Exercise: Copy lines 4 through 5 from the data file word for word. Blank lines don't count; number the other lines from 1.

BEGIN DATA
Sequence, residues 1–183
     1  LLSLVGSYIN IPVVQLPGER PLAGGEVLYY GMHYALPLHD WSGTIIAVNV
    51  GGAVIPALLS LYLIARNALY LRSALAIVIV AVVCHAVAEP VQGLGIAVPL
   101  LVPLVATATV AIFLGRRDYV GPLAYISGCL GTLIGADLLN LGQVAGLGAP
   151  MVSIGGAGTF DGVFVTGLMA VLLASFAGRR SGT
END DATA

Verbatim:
   101  LVPLVATATV AIFLGRRDYV GPLAYISGCL GTLIGADLLN LGQVAGLGAP
   151  MVSIGGAGTF DGVFVTGLMA VLLASFAGRR SGT